For me, this profoundly connected up with my study as a teenager in the mind science section of the bookshops and libraries I’d been in when I should have been at school. I’d gotten that many people had problems with meditation and mindfulness because they over intellectualised it and I did for a long time. But it was when I reconnected with my felt sense experience, that I was embodied. I had a more direct experience of reality rather than the one step removed thought based thinking about my experience.
The secret here is in basic meditation on the breath when you’re told to focus on the breathing they don’t mean intellectually even if the teacher doesn’t realise that themselves. You focus on the “sensation” of the breath. Or how I’d say that more clearly is you feel the breath going into your nose AND going into your lungs AND feel the flow of life energy in the rest of your body as that in breath is happening.
It’s the same if you use a mantra to meditate on. You need to feel the vibration as you chant. Your body literally responds at an energetic level to the vibration of the words as sounds you make. If you turn this into an intellectual understanding by thinking about it rather than experiencing it, you lose the reality of the experience that you could be having and taking with you in living your life.
Fortunately, I loved martial arts. As a younger child of 8, 9 and 10 years old I’d wanted to be a Samurai warrior. I was deeply in love with Japanese culture. There was this aesthetic way of looking at the world and seeing the beauty that was there if you looked in the right direction. This was how I got into meditation because the Samurai studied Zen Buddhism. And I went through all the Buddhist books and martial arts books I could get my hands on both in libraries and second-hand bookshops. And eventually got to Chögyam Trungpa who was talking about the sacred path of the warrior.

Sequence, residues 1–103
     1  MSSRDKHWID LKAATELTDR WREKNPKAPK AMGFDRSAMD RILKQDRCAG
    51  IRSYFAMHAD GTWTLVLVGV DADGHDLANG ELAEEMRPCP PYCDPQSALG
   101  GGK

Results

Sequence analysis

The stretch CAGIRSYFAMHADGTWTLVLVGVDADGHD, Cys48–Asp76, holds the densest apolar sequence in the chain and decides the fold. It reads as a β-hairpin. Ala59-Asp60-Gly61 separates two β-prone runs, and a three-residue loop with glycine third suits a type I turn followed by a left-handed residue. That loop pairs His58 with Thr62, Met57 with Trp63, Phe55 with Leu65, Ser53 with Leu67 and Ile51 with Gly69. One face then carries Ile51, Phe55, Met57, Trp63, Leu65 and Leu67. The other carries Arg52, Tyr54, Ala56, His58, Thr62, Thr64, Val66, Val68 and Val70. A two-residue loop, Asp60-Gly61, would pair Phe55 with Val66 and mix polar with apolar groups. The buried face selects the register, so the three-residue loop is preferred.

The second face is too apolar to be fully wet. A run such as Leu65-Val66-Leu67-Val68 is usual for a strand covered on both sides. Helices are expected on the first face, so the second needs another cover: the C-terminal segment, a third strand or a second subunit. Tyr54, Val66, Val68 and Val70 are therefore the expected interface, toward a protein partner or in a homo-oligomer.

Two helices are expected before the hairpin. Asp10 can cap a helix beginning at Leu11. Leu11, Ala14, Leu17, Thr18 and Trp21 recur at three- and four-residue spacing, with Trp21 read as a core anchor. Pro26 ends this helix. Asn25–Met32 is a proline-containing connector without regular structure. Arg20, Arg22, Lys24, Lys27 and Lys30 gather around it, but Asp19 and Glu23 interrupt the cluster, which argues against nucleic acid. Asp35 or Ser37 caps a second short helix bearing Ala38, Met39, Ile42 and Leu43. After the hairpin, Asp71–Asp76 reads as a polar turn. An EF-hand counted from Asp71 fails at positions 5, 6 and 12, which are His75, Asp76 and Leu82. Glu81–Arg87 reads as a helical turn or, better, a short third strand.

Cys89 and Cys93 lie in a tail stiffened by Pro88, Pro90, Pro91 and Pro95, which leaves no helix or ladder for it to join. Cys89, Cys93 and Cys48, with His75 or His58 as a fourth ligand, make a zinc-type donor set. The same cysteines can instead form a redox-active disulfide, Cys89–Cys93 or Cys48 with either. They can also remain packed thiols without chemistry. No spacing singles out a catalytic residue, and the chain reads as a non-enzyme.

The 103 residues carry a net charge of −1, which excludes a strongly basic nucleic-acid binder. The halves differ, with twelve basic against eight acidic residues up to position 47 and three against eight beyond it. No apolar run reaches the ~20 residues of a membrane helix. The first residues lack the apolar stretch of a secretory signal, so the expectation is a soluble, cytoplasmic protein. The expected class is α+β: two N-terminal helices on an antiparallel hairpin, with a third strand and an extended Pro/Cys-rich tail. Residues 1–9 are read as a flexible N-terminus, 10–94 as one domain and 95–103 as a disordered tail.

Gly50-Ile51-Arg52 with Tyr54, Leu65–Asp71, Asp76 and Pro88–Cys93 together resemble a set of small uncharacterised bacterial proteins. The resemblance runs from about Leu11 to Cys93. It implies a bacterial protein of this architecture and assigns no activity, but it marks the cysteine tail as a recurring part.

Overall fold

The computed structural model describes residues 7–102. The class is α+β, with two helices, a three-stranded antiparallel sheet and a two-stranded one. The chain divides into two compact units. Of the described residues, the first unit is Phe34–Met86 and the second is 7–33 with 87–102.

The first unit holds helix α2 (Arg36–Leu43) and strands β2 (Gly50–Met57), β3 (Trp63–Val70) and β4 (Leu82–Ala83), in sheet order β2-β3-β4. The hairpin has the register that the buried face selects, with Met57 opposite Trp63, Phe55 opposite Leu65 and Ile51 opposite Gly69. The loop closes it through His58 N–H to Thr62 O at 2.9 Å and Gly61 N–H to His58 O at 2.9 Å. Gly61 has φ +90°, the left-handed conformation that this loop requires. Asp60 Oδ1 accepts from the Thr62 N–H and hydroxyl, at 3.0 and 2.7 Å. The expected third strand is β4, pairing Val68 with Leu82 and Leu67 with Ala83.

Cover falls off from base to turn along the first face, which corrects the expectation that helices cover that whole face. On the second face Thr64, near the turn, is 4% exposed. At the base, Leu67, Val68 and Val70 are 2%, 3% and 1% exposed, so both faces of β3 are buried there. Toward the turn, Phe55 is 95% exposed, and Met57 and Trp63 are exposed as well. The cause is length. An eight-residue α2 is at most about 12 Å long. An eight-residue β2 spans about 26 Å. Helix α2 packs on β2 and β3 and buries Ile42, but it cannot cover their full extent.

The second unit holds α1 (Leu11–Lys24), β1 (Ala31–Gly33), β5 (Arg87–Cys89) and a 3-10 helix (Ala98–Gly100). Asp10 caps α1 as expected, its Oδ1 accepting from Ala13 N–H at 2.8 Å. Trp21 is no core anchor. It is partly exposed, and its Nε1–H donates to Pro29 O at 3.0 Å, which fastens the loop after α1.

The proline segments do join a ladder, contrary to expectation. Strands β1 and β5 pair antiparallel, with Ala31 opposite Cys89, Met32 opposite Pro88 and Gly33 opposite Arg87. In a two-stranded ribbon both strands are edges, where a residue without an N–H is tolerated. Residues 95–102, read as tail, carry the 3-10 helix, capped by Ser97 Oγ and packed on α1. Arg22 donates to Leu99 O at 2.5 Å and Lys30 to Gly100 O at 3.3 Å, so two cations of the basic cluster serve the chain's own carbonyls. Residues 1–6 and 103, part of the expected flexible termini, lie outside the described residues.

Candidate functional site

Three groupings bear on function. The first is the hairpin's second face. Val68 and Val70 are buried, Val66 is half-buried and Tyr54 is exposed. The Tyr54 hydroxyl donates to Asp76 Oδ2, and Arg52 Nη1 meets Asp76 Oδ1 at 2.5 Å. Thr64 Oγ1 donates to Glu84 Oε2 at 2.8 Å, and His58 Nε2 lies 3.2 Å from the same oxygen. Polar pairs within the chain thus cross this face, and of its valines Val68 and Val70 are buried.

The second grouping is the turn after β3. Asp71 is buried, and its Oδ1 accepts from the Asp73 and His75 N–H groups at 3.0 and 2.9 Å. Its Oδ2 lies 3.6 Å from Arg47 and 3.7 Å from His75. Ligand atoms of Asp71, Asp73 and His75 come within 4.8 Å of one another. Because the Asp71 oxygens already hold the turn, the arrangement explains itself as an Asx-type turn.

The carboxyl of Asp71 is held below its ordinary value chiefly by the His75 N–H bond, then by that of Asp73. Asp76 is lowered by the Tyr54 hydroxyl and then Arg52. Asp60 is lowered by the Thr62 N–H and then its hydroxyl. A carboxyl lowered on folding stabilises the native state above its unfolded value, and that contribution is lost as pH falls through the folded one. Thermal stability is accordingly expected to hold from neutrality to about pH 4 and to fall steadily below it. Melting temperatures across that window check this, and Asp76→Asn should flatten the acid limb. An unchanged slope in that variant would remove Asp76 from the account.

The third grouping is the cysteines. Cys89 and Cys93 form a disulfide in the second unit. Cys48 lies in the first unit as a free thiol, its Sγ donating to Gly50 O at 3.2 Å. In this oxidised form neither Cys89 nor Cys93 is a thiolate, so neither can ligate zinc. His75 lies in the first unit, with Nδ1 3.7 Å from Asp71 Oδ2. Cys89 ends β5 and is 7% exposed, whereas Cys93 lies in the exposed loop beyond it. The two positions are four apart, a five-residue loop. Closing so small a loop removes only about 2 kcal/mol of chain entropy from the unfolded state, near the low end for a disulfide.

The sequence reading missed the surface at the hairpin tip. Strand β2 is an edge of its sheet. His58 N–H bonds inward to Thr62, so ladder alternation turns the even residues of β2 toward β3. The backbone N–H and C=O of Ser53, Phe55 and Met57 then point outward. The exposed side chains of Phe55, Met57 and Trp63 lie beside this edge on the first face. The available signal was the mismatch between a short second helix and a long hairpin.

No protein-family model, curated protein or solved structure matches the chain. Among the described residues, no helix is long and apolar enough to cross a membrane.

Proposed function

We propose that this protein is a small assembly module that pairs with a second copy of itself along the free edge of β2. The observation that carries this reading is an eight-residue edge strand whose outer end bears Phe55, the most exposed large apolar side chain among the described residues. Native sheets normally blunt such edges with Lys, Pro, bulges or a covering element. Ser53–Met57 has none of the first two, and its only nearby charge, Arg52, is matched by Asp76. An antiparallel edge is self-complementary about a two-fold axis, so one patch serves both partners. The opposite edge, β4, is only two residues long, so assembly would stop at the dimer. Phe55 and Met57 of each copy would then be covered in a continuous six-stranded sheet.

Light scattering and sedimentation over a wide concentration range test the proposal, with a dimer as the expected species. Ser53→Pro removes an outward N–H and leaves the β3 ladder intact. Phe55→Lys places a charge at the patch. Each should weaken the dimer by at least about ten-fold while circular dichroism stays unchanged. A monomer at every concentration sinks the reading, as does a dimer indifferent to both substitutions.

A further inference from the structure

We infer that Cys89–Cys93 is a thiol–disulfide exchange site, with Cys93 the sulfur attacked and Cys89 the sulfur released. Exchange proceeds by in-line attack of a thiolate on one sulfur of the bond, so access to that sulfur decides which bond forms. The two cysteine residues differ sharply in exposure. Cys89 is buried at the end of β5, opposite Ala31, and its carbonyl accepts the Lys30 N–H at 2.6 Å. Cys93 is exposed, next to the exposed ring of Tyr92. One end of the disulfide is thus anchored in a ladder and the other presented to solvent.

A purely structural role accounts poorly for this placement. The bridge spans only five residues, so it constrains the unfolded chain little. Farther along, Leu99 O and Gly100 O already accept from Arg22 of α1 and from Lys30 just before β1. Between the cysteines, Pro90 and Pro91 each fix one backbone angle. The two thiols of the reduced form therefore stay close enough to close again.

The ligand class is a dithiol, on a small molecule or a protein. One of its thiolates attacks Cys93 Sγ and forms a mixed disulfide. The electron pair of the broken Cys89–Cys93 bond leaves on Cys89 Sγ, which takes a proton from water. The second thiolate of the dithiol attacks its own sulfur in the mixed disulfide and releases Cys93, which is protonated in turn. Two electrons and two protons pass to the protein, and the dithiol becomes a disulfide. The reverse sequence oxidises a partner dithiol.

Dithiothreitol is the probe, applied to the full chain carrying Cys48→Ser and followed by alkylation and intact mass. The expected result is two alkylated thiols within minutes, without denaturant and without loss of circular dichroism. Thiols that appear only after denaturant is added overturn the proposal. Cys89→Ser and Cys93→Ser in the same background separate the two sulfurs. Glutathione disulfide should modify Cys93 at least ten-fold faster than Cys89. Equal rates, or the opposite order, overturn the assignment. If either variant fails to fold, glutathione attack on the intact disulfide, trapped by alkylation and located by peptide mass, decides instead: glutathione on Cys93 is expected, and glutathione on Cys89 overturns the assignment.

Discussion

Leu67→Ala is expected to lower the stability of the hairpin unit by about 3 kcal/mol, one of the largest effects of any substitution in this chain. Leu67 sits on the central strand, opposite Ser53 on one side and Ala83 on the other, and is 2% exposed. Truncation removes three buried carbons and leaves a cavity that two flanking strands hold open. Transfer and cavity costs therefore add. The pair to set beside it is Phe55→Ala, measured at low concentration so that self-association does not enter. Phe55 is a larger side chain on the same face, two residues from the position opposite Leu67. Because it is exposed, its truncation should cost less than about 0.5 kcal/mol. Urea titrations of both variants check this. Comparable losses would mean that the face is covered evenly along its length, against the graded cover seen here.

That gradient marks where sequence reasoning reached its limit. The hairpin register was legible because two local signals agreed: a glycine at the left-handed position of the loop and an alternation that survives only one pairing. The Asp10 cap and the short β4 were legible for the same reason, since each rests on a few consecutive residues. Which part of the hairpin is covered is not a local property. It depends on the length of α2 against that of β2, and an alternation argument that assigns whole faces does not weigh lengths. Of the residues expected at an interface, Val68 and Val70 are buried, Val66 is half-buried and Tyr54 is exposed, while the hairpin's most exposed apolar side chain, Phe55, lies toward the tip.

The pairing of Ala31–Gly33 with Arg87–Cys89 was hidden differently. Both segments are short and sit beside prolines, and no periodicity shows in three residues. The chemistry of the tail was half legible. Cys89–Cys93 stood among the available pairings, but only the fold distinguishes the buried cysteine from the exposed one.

People had been really critical about Chögyam Trungpa because while he was the head of a Buddhist school and had done the whole escape from Tibet the same as His Holiness the Dalai Lama. When he settled in the UK, he had the realisation that he needed to teach westerners the full depth of his understanding and not hold anything back. This wasn’t acceptable to his fellow monks, so he was kicked out of the monastery. But then he also married an English woman, and it was the 1960’s so he wasn’t exactly playing by their rules.
For me, there is a fundamental counterintuitive idea that the culture we live in programs us and we can’t see that programming. We can’t see the rules of the game we’re playing.
In psychology, many developmental theorists have spoken about this. Ken Wilber has helpfully summarised and synthesised all these into his Integral view or way of seeing the world.
For me, it’s easy to see people’s uniqueness because I grew up with children who at that time in the 1970s had extraordinarily negative labelling and in my direct experience that just wasn’t true. It was the “normal” people who had the problems.
I got an early insight into how we get programmed, and I’ve followed this theme throughout my life in spirituality, psychology, coaching and therapy and marketing.
Let me help you deprogram yourself because if you can’t see how you are sabotaging your success, you can’t be successful.
If you’re interested in learning more I’ll tell you how to deprogram yourself on the next page, so click here to read that.